Sam: I love the fact that the show encourages debate, but in a positive way. I think that a lot of the time in nerd culture when people argue, it comes from a really hateful place sometimes for some folks, or it can feel really negative and argumentative and challenging — like in the sense, they’re challenging your nerd cred. But I think on Fangirling, we can all have different opinions, and we can do it in a way that is friendly and good. It is possible to think different things about pop culture without being really toxic and negative. I think that’s something that fan culture should be trying to embrace more in general. So I really love that about the folks who watch and participate in the show.

Markeia: I think the super rewarding thing is like the intersectionality of the fandoms that we cover. Like for this one show, I’ve gotten to interview Viola Davis for Widows. By the way, I cannot talk about Widows enough. Everybody needs to see this movie. But just like being able to get real with Viola Davis about representation and being able to be a sexual sensual being. For women of color, it is like we’re to the side — we’re either oversexualized or desexualized. There’s no middle ground. To have her be this character who is a normal person with a full range of emotion, and to go through that conversation with her, is one thing.. and on this same show, I got to interview WWE’s Lana. I am such a wrestling nerd — and that interview is going to be coming up. To think that I do not have to be on a wrestling-specific show or just a movie-specific show. That is so rewarding, and rewarding to me because literally, the sky’s the limit. What are you interested in? We’re going to try to make this happen and then we nerd out about it and then other people know about it or they don’t. But now they are aware. I just find that so incredibly rewarding because, you know, we’re not just nerds in one area. We’re a little bit of everything and I love that.

Finally, with the holidays in full swing, we’ve got one final question for you three. Which famous person (fictional, non-fictional) would you have over for the holidays and why?

Markeia: Shuri! To have this techmeister warrior, where she’s arrogant and it’s cool, like this woman literally, when T’Challa was incapacitated and comatose, she goes through the trials, takes the heart-shaped herb, makes it to the panther god, and the panther god goes “No, you’re too arrogant. I’m not going to bestow powers upon you.” And Shuri is like “That’s cool. I’m gonna do it anyway.” So that rendition her… plus Letitia Wright. That bubbly optimism? Yes, I would love to have Shuri over for the holidays. We’d talk tech stuff, nerd stuff; she’d trick out my electronics for me. That would be a dream come true.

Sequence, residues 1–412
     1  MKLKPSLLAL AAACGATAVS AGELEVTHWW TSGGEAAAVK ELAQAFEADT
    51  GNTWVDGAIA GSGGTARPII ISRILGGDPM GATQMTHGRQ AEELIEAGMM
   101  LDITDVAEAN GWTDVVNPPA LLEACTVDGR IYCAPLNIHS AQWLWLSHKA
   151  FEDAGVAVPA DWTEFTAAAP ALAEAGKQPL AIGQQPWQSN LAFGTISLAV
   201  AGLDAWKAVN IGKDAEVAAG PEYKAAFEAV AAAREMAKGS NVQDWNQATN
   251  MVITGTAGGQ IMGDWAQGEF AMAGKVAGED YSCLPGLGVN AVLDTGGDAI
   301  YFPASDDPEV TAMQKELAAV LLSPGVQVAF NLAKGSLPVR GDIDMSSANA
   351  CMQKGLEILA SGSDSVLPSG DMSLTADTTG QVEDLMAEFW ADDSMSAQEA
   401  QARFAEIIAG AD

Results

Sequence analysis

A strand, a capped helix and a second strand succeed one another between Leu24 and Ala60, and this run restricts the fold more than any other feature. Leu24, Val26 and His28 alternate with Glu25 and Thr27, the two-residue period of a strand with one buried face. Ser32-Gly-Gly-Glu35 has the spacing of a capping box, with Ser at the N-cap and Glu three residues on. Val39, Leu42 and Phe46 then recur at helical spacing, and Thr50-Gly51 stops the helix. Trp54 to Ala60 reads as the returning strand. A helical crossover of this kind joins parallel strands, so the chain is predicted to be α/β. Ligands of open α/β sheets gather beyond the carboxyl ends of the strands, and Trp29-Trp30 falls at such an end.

Dani: For me, Wonder Woman, for so many reasons. She’s so funny. Like I loved her in the comics, she’s hilarious there too, but [in the movie] I loved her fish out of water moments. I feel like she’d be like what are you doing with the turkey. Why are you putting your hand in it? I love that aspect of it. But also she’s like this beautiful, strong ass Amazonian woman. I want her to lift me, help me put the star on the tree or something. I would be in awe of her… She’s my favorite superhero of all time. Plus I think like she’d be a good wing woman. In my family, I’m single and everyone else in my family is all boo’d up so you know.. I might hit the bar later and it would be great to hit a bar with Wonder Woman. She would be like, “No don’t go home with him.” Oh and she could use her lasso of truth, so… She would be my holiday pick to hang out with.

Sam: My answer, 100 percent truth, is Jeff Goldblum. If anyone has his phone number or anything, tell him to hit me up. That’s all I have to say about that.

If you enjoyed this conversation, be sure to watch new episodes of Fangirling every Thursday at 10 a.m. PT on Alpha. Alpha is Legendary Digital Network’s premium streaming entertainment service that gives members access to new and exclusive shows and immersive community-based interactivity.

You can also watch Fangirling on Facebook.com/watchfangirling.